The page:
Ignoring Hearing Loss Has Negative Effects

Man with cardiac condition also suffering from hearing loss.

It’s an unfortunate fact of life that loss of hearing is part of getting older. Roughly 38 million people in the US suffer from some form of hearing loss, but many people decide to simply neglect it because it’s a normal part of aging. Ignoring hearing loss, however, can have severe negative side effects on a person’s entire well-being beyond their inability to hear.

Why do so many people refuse to get help for their hearing loss? According to an AARP study, More than half of senior citizens cited costs as the major concern while one third regard hearing loss as a small issue that can be easily treated. However, those costs can increase astronomically when you take into account the significant side effects and conditions that are caused by neglecting hearing loss. Here are the most common negative effects of ignoring hearing loss.


Most people will not immediately connect the dots from fatigue to hearing loss. Alternatively, they will connect exhaustion to several different factors, such as slowing down based on aging or a side-effect of medication. The fact is that the less you can hear, the more your body works to make up for it, leaving you feeling exhausted. Imagine you are taking an exam such as the SAT where your brain is totally concentrated on processing the task at hand. After you’re done, you most likely feel exhausted. When you struggle to hear, the same thing occurs: during conversations, your brain is trying to fill in the blanks – which is generally made much more difficult when there is a lot of background noise – and as you try to process the conversation, you spend valuable energy. This type of persistent exhaustion can affect your health by leaving you too tired to take care of yourself, passing up on things like cooking healthy meals or going to the gym.

Mental Decline

Johns Hopkins University conducted a study that linked hearing loss to , accelerated brain tissue loss, and dementia. While these links are not direct causations, they are correlations, researchers believe the more the blanks need to be filled in by the brain, the more the cognitive resources needed and the less the resources available for other things such as memory and comprehension. And as people get older, the greater draw on cognitive resources can speed up the decline of other brain functions and contribute to gray matter loss. Additionally, having a frequent exchange of ideas and information, often through conversation, is believed to help seniors stay mentally fit and can help slow the process of cognitive decline. The future for researchers is promising due to the discovery of a connection between the decline in cognitive function and loss of hearing, since cognitive and hearing experts can work together to determine the causes and develop treatments for these ailments.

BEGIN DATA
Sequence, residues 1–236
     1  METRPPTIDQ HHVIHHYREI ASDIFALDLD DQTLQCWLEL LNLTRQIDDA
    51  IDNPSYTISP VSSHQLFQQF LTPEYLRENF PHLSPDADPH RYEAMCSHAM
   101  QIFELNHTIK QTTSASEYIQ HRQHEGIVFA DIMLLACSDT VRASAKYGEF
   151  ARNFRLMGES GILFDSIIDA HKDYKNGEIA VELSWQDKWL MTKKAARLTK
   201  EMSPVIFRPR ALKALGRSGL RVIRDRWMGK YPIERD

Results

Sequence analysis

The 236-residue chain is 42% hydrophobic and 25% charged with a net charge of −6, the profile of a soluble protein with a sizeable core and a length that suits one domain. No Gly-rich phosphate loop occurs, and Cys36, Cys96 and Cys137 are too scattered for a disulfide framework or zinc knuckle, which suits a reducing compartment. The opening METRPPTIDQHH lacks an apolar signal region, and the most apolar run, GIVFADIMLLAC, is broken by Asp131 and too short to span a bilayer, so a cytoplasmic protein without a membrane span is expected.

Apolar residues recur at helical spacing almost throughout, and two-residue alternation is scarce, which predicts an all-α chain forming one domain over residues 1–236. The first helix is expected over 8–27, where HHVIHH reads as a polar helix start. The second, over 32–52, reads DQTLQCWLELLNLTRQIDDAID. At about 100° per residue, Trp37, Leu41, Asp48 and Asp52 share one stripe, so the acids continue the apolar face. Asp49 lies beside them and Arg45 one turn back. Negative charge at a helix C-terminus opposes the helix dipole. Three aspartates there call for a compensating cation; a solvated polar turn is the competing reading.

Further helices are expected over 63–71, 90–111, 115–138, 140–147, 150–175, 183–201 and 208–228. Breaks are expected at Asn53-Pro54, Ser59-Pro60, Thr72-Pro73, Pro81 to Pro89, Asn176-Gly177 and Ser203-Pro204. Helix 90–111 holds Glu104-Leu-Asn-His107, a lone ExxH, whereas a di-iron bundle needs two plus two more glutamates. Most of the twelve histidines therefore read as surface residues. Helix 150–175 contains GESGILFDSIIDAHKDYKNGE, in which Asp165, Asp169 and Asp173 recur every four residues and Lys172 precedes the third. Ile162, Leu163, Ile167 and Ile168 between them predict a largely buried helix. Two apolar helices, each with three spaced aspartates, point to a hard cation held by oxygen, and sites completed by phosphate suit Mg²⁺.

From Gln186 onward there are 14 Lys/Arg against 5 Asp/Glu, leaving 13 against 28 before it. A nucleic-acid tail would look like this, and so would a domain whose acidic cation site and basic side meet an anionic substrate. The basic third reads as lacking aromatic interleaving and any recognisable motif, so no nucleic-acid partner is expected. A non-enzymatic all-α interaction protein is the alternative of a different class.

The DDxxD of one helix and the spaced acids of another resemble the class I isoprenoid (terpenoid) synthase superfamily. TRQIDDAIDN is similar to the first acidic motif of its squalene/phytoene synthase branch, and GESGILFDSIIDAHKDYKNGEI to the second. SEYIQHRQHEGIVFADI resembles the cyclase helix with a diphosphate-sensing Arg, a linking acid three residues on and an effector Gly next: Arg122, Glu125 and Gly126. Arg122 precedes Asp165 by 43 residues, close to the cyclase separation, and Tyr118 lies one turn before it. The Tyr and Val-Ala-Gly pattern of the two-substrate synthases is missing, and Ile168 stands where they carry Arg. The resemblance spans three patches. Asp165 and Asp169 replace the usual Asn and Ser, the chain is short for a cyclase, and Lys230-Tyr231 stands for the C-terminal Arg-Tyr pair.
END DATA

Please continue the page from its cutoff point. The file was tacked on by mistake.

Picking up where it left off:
Mental Health Issues

The National Council on the Aging conducted a study of 2,300 seniors who suffered some form of hearing loss and discovered that paranoia, anxiety, and depression negatively affected the emotional health more often than those who don’t have hearing loss. The link between hearing loss and mental health issues makes sense since people with loss of hearing often have trouble communicating with others in social or family scenarios. This can bring on depression after suffering from prolonged feelings of isolation. If left untreated, anxiety and even paranoia can surface due to these feelings of isolation and exclusion. It’s been demonstrated that recovery from depression is aided by wearing hearing aids. But a mental health professional should still be contacted if you have depression, anxiety, or paranoia.

Heart Disease

All the different parts of our bodies are one interconnected machine – an evidently unconnected part can be affected negatively if another part quits functioning as it is supposed to. This is the case with our ears and hearts. For instance, hearing loss will take place when blood doesn’t flow freely from the heart to the inner ear. Diabetes, which is also associated with heart disease, can impact the inner ear’s nerve endings and scramble messages from the ear to the brain. In order to determine whether hearing loss is caused by heart disease or diabetes, if you have a family history of those illnesses contact both a hearing expert and a cardiac specialist because ignoring the symptoms can result in severe or even fatal consequences.

If you suffer from hearing loss or are having any of the negative effects outlined above, feel free to reach out to us so we can help you live a healthier life. Schedule your appointment now.

The site information is for educational and informational purposes only and does not constitute medical advice. To receive personalized advice or treatment, schedule an appointment.